Chain of infection transmission nursing-Definition,example of chain of infection and six different links of Chain of infection transmission is infectious agent, reservoir, portal of exit, means of transmission, portal of entry. and the new host (Susceptible host )
Definition: The Chain of Infection transmission
Infectious disease results from the interaction of an agent, a host, and an environment. Most of Infectious diseases follow a typical chain of infection that ends with an infected host. Understanding the chain of infection transmission can help with both the prevention of infection transmission and treatment of infectious diseases.
How do viruses pass from one person to the next? example of Chain of Infection transmission – When one child has a cold or flu at school, why is the rest of the class likely to come down with one next week? this happened due to Chain of Infection transmission . Let’s know more about how infection gets from one place to another, or the chain of infection transmission.
Chain of infection transmission in order
The chain of infection, is made up of six different links infectious agent, reservoir, portal of exit, means of transmission, portal of entry. and the new host (Susceptible host ). Each link has a unique role in the chain of Infection transmission, and each can be interrupted, or broken, through various means.
Organisms that can cause an infection or an infectious disease are known as infectious agents. They include parasites, viruses, fungi, bacteria, and fungi.
The environment where an infectious agent typically lives, develops, and reproduces is known as the reservoir. Reservoirs include humans, animals, and also the environment. The reservoir may or may not be the source from which an infectious agent is transferred to a host.
Portal of exit
Portal of exit is the path by which a infectious agent leaves its host. The portal of exit usually corresponds to the site where the infectious agent is localized.
Example of Portal of exit
some Example of Portal of exit is
- Influenza viruses and Mycobacterium tuberculosis exit the respiratory tract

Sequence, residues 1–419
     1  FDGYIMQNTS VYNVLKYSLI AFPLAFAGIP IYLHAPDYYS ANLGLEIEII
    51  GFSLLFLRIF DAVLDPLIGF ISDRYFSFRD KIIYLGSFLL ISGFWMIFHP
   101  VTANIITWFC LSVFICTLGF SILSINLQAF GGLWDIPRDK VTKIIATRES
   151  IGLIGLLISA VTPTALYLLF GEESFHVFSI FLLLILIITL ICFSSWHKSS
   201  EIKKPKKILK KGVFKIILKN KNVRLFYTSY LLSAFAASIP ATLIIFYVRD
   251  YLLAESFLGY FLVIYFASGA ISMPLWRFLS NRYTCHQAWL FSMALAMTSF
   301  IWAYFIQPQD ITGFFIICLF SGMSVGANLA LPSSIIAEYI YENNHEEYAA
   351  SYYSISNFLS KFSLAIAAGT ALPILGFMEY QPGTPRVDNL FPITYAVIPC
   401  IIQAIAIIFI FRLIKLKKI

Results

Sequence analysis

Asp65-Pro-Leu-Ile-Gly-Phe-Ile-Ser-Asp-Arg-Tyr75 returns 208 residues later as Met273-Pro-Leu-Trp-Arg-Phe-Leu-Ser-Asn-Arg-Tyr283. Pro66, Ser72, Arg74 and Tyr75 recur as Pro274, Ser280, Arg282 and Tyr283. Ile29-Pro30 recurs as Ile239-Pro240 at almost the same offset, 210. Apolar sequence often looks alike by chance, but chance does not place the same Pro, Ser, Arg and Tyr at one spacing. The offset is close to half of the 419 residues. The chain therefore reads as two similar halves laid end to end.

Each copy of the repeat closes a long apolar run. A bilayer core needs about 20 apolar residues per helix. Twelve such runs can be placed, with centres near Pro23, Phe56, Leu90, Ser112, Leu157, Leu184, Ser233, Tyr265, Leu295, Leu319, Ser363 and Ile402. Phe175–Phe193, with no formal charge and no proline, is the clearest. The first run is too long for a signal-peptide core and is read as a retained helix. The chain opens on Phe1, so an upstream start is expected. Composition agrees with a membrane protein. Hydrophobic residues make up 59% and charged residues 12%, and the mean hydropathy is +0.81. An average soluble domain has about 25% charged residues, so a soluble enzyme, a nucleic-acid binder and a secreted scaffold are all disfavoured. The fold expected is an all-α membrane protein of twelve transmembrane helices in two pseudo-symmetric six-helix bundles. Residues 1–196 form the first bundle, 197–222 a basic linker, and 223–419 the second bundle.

- schistosomes through urine
- cholera vibrios in feces
- Sarcoptes scabiei in scabies skin lesions
Modes of transmission
An infectious agent may be transmitted from its natural reservoir to a susceptible host in many different ways. There are different classifications for modes of transmission. Here is two classifications of mode of transmission:
Direct Modes of transmission
In direct transmission, an infectious agent is transferred from a reservoir to a susceptible host by direct contact or droplet spread.some Example of Direct Modes of transmission is
- Direct contact
- Droplet spread
Indirect Modes of transmission
Indirect Modes of transmission involves coming into contact with a contaminated object. This frequently happens as a result of dirty hands contaminated objects or environments.some Example of Indirect Modes of transmission is
Portal of entry
The portal of entry refers to the manner in which a infectious agent enters a susceptible host. The portal of entry must provide access to tissues in which the infectious agent can multiply or a toxin can act. Often, pathogen use the same portal to enter a new host that they used to exit the source host.
Example of Portal of entry
Influenza virus exits the respiratory tract of the source host and enters the respiratory tract of the new host.
The final link in the chain of infection is a susceptible host. Susceptibility of a host depends on genetic and immunity, and nonspecific factors that affect an individual’s ability to resist infection or to limit pathogenicity. An individual’s genetic makeup may either also increase or decrease susceptibility